As the UK has left the EU and the transition period ends on 31 December 2020, we are bringing together the information you and your business need to prepare for the changes ahead. The situation is dynamic as negotiations on our future trading agreements have not yet concluded, but there are steps you can take now to prepare for 1 January 2021.
Importing goods from the EU
Regardless of the trade deal struck by the government, the process for importing goods from the EU will change. To continue to import goods, other than by post, current government guidance indicates that you will need to:
- Make customs declarations when you import goods, yourself or hire a courier, freight forwarder or customs agent to do it for you
- Check what import licences or certificates you need, check the marking, labelling and marketing standards and check the rules for importing alcohol, tobacco and certain oils
- Make sure you have a GB EORI (Economic Operator Registration and Identification) number. It must start with GB. If you have one already and it doesn’t start with GB, you will need to get a new one
- Check the rate of customs duty and VAT you will need to pay
- Check if you can make the importing process quicker. Instead of making customs declarations when you import goods from the EU, in some situations you can delay making a declaration for up to 6 months after you import the goods. More details here
Exporting goods to the EU
Again, regardless of the trade deal struck by the government, the process for exporting goods to the EU will change. To continue to import goods, other than by post, current government guidance indicates that you will need to:
- Make customs declarations when you export goods, yourself or hire a courier, freight forwarder or customs agent to do it for you
- Check what export licences or certificates you need, check the marking, labelling and marketing standards and check the rules for exporting alcohol, tobacco and certain oils
Make sure you have a GB EORI (Economic Operator Registration and Identification) number. It must start with GB. If you have one already and it doesn’t start with GB, you will need to get a new one
- Find out if you can charge VAT at 0%. From 1 January 2021 you can charge customers VAT at 0% on most goods you export to the EU, but you will need to check government guidance for details. See guidance on VAT notice 703
Travel to the EU (excluding Ireland), Switzerland, Norway, Iceland or Lichtenstein from 1 January 2021:
- Your passport must have at least 6 months before it expires and be less than 10 years old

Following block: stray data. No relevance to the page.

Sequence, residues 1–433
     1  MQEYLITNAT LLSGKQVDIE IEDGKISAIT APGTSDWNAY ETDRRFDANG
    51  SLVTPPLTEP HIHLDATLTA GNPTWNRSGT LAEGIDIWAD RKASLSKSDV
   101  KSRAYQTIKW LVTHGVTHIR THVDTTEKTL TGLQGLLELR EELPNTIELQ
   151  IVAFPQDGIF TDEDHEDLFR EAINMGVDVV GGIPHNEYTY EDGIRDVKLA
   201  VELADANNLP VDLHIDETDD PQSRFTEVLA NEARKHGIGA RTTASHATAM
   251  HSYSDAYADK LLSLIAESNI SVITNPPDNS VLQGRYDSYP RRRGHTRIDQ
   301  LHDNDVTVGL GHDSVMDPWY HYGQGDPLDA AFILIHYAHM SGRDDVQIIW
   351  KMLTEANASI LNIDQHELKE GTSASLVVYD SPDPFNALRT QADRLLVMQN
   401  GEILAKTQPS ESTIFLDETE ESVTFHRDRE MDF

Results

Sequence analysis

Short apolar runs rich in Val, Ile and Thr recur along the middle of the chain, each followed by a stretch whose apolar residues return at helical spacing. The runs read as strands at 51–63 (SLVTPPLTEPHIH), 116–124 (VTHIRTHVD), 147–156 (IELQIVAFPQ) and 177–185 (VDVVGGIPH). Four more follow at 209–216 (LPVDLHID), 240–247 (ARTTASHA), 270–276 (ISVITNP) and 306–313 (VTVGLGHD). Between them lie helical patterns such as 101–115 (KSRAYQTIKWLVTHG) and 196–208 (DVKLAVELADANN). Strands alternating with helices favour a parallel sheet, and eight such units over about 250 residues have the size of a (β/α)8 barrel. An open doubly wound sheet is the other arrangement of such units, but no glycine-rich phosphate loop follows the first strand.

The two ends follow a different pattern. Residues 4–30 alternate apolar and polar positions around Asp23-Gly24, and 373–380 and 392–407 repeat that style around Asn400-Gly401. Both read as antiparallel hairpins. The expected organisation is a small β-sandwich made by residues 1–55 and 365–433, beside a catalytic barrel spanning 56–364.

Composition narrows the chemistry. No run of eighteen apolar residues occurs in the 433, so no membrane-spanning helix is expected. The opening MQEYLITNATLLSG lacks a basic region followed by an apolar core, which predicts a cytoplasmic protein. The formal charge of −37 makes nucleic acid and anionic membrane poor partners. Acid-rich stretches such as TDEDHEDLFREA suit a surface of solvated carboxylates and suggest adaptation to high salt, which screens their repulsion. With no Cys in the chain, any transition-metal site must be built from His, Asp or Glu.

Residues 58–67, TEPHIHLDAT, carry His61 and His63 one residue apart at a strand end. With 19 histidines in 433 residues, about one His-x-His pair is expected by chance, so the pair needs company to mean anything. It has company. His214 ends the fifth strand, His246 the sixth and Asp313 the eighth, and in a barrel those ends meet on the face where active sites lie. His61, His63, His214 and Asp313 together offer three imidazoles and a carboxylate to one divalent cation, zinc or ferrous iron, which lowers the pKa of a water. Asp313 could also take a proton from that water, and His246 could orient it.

- You will need appropriate travel insurance including healthcare cover as your European Health Insurance Card (EHIC) will no longer be valid after 31 December 2020
- Border control may require you to show return or onward ticket, that you have funds for your stay and use separate queueing lanes
- Visa’s should not be necessary for short tourist trips but may be needed for longer trips, if you work, study or travel for business
- Extra documents may be needed to drive from 1 January 2021 – possibly an International Driving Permit (IDP), and if you are taking your own vehicle you may need a green card, proof of insurance and a GB sticker
Update 8 October 2020:
The government has published an update on how the GB-EU border will work and actions to be taken to prepare for the end of the transition period.
The Border Operating Model (BOM) affects traders, hauliers and passengers and will be in place regardless of whether the UK reaches a trading agreement with the EU.
The GB-EU Border Operating Model:
- Maps out the intended sites required to carry out checks on freight
- Announces that passports will be required for entry into the UK from October 2021, as EU, EEA and Swiss national ID cards will not be acceptable for travel to the UK, including for drivers from October 2021
- Confirms that HGV’s will require a mandatory Kent Access Permit to use the short strait channel crossings in Kent. The “Check an HGV” service will allow hauliers to check if they have the correct customs documentation and obtain a Kent Access Permit
Update 22 October 2020:
Negotiations continue regarding the shape of our trading agreement with the EU post 31 Dec 2020. The government is clear that “it is entirely possible that negotiations will not succeed. If so the UK will end the transition period on Australia terms.” Regardless of the outcome, businesses will need to make sure they are prepared for the changes in procedures at our borders on the 1 Jan 2021.
Update 5 November 2020:
HMRC stresses the key actions that businesses must take to continue trading with Europe from 1 Jan 2021 are :
- Appoint a specialist to deal with import and export declarations. This is important regardless of the amount or value of trade your business does with Europe. Most businesses use a third party such as a freight forwarder or fast parcel operator to deal with this, and do not do their customs declarations themselves.
- Check to see if you will be able to delay your declarations or duty payments.
- Register for the free-to-use Trader Support Service if you plan on moving goods into Northern Ireland from 1 January 2021.
More help and advice on preparing for the end of the transition period is available from the Government’s Transition website. Please visit www.gov.uk/transition.
Please note that as the UK has yet to conclude its trade agreement negotiations with the EU post 31 December 2020, the information given is subject to change. Please check current government guidance before taking any action based upon the content of this page.